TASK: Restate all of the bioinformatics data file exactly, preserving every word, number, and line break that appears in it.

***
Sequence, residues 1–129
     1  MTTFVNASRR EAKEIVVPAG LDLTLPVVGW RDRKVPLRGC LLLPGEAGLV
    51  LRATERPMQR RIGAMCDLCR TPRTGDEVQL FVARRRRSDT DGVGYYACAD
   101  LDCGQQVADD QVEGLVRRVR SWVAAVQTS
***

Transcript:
Sequence, residues 1–129
     1  MTTFVNASRR EAKEIVVPAG LDLTLPVVGW RDRKVPLRGC LLLPGEAGLV
    51  LRATERPMQR RIGAMCDLCR TPRTGDEVQL FVARRRRSDT DGVGYYACAD
   101  LDCGQQVADD QVEGLVRRVR SWVAAVQTS